Answering your child's questions about sight loss
As your child becomes aware of their vision impairment they may start to have questions about their condition and how it could affect them and their future life.
It’s only natural for you to want to protect your child. However, trying to be as open and honest as possible can help your child and prevent them becoming frightened by or uncomfortable with their vision impairment. This approach will also help them feel secure, and will let them know you are there to help overcome any obstacles or barriers they may face.
Try to avoid keeping secrets from your child as this could lead to feelings of unease or anxiety. This is also true for your child’s siblings, who may also be worried and anxious about what is happening in the family. Please see our guidance on supporting brothers and sisters for more advice.
If you don’t have the answers to your child's questions, or you are not sure when the time is right, please ask for support. You can speak with your child's eye doctor (Ophthalmologist), who will be able to discuss your child's condition and diagnosis with you from a medical standpoint. You can also speak to our specialist Family Support Officers about a range of issues surrounding your child's diagnosis.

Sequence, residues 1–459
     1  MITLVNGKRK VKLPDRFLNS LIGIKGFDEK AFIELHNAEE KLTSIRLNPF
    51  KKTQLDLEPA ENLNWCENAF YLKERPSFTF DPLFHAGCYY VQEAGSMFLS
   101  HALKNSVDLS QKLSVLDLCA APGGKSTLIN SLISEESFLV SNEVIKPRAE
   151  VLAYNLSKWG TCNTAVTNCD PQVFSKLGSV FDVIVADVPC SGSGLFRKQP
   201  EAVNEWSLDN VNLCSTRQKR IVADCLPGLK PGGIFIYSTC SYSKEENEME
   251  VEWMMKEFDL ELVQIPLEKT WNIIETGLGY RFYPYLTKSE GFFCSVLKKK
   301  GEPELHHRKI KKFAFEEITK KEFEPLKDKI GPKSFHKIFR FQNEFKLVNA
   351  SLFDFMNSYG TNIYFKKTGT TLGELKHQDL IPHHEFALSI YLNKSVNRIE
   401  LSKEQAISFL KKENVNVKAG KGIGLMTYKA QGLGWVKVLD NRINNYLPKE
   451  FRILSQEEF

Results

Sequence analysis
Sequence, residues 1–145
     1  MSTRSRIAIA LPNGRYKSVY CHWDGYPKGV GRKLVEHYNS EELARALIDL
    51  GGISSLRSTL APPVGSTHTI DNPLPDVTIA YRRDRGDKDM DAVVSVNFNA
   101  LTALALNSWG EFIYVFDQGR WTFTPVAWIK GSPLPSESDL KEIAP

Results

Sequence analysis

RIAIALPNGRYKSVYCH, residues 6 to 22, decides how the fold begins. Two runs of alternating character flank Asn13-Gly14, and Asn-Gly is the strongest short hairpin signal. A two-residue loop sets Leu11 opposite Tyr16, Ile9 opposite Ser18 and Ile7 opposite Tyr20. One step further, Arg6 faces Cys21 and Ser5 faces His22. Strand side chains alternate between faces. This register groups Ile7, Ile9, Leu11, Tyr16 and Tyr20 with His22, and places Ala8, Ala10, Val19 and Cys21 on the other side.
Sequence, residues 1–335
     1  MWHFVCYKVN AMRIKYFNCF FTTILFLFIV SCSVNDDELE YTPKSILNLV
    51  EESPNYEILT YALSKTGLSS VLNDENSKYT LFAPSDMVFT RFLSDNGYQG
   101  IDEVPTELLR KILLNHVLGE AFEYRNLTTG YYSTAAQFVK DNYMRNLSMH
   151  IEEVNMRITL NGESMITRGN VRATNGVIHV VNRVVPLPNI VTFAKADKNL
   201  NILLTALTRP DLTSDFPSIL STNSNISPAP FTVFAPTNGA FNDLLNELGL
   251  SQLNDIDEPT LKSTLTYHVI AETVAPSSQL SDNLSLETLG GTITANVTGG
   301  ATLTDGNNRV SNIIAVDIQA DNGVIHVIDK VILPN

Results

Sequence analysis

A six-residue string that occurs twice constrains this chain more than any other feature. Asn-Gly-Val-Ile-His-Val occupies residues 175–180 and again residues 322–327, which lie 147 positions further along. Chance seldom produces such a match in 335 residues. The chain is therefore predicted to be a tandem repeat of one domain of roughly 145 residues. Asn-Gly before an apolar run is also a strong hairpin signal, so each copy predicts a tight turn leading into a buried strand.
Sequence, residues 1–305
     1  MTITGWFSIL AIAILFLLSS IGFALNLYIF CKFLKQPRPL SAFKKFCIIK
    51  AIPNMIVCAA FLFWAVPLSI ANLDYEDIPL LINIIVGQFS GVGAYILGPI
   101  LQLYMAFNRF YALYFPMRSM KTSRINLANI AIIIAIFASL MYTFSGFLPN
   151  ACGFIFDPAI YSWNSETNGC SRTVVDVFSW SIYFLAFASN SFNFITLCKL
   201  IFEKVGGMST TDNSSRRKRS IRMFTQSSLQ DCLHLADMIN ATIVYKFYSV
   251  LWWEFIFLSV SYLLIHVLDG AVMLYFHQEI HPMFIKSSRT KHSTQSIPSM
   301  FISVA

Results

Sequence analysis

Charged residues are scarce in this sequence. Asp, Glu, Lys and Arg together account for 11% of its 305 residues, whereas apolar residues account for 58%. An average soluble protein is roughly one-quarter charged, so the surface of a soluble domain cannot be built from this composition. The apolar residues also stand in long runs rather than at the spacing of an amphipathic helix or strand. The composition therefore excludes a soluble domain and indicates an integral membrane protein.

Our team is here to help
- Explaining any medical terminology
- Offering emotional support so you have someone to talk to outside your family circle
- Providing advice and information on other sources of support and services
The RNIB has also produced guidance for parents and carers about talking to children about their vision loss.
- Answering your child's questions about sight loss
- Common misconceptions about vision impairment
- Professionals supporting your family
- Possible indications of a vision impairment
- Early diagnosis
- Eye conditions explained
- Jargon buster
- Supporting brothers and sisters
- Tips for parents on accessing social services
- Tips on completing Disability Living Allowance and Carer’s Allowance Forms
- Coping with the loss of your dog